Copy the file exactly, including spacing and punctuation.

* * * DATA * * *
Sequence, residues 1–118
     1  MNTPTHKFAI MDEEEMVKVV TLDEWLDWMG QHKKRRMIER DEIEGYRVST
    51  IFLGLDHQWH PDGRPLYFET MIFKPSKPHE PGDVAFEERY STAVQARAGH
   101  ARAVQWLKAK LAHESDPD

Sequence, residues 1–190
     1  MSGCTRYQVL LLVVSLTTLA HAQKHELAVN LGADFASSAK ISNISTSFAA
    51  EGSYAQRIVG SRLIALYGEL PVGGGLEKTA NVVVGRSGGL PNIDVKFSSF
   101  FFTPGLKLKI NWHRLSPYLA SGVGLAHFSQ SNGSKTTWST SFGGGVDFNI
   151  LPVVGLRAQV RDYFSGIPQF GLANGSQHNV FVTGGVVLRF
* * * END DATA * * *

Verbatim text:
Sequence, residues 1–118
     1  MNTPTHKFAI MDEEEMVKVV TLDEWLDWMG QHKKRRMIER DEIEGYRVST
    51  IFLGLDHQWH PDGRPLYFET MIFKPSKPHE PGDVAFEERY STAVQARAGH
   101  ARAVQWLKAK LAHESDPD

Sequence, residues 1–190
     1  MSGCTRYQVL LLVVSLTTLA HAQKHELAVN LGADFASSAK ISNISTSFAA
    51  EGSYAQRIVG SRLIALYGEL PVGGGLEKTA NVVVGRSGGL PNIDVKFSSF
   101  FFTPGLKLKI NWHRLSPYLA SGVGLAHFSQ SNGSKTTWST SFGGGVDFNI
   151  LPVVGLRAQV RDYFSGIPQF GLANGSQHNV FVTGGVVLRF